By Boczko, Anthony
Financial Management (UK)
Everyone's talking about globalisation its ethical pros and cons and the potential of vast emerging markets in, say, China. But overseas investment is not only a huge opportunity; it's also an enormous risk. To assess and manage this, you first have to understand the volatility of the global marketplace. This puts pressure on local cultures and identities; on established political boundaries and social constituencies; and on traditional market arrangements.
It is also important to consider what globalisation really means. Some people see it as a predominantly social trend--a westernisation of the world involving the extension of western rationalism to create a standardised culture. This depend', on the global media and consumer demand for a western identity. Other people see globalisation as predominantly political--a shift in state sovereignty and an attempt to reshape the geography of international power relations between core nation states and peripheral economies. And others see it as an economic trend, fuelled by the deregulation of international commodity markets, the increased mobility of investment capital and the expansion of multinational businesses.
The connections between the economics of international trade and the social and political pressures of cultural expansion and geographical sovereignty combine to create country risk.
Understanding the risk
Given its complexity, it's not surprising that country risk is defined using a wide range of political, economic and socio-cultural criteria. Broadly, it is the exposure that a company faces as a consequence of a change in a national government's policy and the effect this change could have on the value of an investment, a project or cash receipts.
Country risk often arises when a government seeks to expropriate assets and/or profits, impose discriminatory pricing intervention policies, enforce restrictive foreign exchange currency controls or impose discriminatory tax laws. It can also occur if a government attempts to impose social or work-related regulations that favour domestic companies, limit the movement of assets or restrict access to local resources. Any one of these actions can damage a company's short-term ability to generate profits. In the long term, they can dramatically limit its ability to repatriate or reinvest profits.
Unfortunately, recognising and assessing your firm's exposure to this risk is complicated. It is relatively easy to spot increasing social unrest, economic volatility and an unstable political infrastructure, but much harder to quantify the resulting risks.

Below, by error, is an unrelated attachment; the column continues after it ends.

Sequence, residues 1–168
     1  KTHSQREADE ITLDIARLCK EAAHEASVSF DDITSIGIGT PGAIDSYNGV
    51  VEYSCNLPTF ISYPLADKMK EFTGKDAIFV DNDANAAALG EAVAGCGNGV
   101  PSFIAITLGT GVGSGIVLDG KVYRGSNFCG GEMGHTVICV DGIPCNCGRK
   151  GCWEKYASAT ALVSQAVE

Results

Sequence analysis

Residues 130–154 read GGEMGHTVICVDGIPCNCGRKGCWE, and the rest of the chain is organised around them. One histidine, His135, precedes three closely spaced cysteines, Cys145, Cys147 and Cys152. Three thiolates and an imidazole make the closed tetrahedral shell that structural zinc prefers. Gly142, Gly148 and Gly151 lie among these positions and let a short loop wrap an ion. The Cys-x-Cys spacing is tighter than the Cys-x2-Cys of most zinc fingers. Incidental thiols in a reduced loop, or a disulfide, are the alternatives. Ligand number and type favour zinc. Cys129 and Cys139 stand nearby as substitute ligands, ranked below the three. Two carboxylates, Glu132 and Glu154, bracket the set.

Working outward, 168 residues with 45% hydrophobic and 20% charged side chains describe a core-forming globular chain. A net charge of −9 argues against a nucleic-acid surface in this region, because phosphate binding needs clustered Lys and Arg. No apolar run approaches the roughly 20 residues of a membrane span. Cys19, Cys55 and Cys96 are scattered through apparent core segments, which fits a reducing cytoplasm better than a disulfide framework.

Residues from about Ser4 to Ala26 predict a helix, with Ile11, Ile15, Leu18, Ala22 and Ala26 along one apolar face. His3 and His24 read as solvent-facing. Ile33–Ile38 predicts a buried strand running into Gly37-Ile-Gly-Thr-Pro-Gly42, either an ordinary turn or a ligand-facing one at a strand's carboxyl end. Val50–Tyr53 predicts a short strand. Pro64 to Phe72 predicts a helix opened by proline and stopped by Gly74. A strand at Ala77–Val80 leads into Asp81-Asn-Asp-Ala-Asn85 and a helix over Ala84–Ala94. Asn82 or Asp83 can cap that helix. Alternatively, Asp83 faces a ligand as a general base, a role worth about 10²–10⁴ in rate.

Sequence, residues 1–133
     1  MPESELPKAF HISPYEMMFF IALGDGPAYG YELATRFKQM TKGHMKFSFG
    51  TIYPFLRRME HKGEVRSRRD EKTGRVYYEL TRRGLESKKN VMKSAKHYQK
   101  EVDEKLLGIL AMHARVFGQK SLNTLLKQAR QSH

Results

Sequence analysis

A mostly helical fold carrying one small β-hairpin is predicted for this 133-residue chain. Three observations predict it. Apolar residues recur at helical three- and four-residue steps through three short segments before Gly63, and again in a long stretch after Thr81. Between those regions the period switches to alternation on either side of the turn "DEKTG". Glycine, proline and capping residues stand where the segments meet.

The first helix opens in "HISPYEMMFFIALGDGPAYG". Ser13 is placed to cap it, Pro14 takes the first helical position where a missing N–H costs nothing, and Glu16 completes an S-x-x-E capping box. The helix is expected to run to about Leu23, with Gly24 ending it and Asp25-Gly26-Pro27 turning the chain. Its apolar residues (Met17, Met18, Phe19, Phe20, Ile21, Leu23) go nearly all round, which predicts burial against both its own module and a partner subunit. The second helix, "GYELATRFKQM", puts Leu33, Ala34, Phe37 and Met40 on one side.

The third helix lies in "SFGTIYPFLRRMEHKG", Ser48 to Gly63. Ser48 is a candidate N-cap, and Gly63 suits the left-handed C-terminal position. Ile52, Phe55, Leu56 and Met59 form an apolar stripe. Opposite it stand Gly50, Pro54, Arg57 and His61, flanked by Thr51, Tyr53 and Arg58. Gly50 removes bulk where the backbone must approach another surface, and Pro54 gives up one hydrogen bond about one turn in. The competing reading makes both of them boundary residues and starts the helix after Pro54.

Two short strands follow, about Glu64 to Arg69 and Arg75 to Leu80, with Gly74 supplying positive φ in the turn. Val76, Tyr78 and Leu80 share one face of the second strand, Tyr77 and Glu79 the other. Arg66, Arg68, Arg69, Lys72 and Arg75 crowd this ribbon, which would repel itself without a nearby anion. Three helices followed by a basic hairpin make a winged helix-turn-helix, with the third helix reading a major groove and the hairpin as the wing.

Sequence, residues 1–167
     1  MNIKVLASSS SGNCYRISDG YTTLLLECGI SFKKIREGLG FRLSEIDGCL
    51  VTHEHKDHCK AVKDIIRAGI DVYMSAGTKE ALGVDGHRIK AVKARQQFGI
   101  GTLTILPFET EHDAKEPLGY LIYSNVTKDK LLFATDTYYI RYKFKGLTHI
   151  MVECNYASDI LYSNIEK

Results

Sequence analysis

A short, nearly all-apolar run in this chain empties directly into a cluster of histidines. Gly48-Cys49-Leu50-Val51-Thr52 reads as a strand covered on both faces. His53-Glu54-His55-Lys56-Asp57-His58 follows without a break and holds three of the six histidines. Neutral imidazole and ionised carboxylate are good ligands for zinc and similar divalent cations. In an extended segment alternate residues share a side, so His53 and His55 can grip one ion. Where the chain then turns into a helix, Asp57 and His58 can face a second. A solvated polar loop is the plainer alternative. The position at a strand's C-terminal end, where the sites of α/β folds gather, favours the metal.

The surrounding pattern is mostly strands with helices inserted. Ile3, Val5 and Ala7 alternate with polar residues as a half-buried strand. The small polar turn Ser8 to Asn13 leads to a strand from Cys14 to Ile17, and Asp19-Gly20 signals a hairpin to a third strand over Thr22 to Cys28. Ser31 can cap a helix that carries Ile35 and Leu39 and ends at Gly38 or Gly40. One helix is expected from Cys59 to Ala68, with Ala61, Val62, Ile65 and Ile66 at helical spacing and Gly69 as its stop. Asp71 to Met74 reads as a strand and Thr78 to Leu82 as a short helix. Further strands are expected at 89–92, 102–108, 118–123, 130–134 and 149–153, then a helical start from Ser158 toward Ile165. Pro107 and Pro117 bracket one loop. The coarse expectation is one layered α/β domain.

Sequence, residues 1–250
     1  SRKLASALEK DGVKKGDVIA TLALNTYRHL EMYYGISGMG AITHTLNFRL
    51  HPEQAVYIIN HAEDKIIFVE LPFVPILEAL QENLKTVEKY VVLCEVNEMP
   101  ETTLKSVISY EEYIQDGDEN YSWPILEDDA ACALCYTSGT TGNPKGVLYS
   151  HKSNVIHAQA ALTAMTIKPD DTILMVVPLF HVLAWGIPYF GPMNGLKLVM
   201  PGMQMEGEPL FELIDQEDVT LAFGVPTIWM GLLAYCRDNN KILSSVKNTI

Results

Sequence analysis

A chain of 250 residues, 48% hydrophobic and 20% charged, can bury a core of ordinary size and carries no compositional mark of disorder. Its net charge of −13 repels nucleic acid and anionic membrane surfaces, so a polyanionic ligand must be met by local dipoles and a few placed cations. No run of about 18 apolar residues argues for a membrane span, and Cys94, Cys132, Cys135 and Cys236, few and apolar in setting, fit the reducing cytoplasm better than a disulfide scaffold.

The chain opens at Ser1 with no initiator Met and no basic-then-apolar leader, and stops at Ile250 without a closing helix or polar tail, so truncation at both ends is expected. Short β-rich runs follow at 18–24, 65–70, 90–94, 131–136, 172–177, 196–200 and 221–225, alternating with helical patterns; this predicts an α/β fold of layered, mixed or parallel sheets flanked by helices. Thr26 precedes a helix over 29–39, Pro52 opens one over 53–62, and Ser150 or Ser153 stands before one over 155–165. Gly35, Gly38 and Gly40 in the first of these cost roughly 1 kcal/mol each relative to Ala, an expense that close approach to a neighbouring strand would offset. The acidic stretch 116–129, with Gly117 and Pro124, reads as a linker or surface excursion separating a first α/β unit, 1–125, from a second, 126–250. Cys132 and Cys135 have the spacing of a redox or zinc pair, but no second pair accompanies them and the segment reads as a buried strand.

Assessing the risk
There are a number of sophisticated rating models that attempt to provide a structured framework to assess potential country risk. The models vary widely, but most rely on two distinct, but interrelated, levels of analysis: a macro assessment of overall country risk and a micro assessment of industry-segment or company-specific risk.
Macro risk assessment generally involves evaluating a range of social, economic and political characteristics. Although the quantification of these is subjective, the assessment framework tends to equate country risk with economic volatility, social unrest and political instability.
The results of most rating methods, while interesting, are too often inconsistent and inconclusive. This reinforces the belief of many social scientists that measuring qualitative social, economic and political characteristics using a rigid formula is of limited use.
Micro risk assessment involves evaluating a range of country characteristics as they relate to the company or its industry. The aim is to determine the sensitivity of the company or industry to particular macroenvironmental factors. Although such models vary from a simple Pest or Swot analysis to a sophisticated qualitative rating model, the underlying assumption remains the same: the greater the company or sector profile, and the greater the socio-economic volatility, the higher the possibility of government intervention. …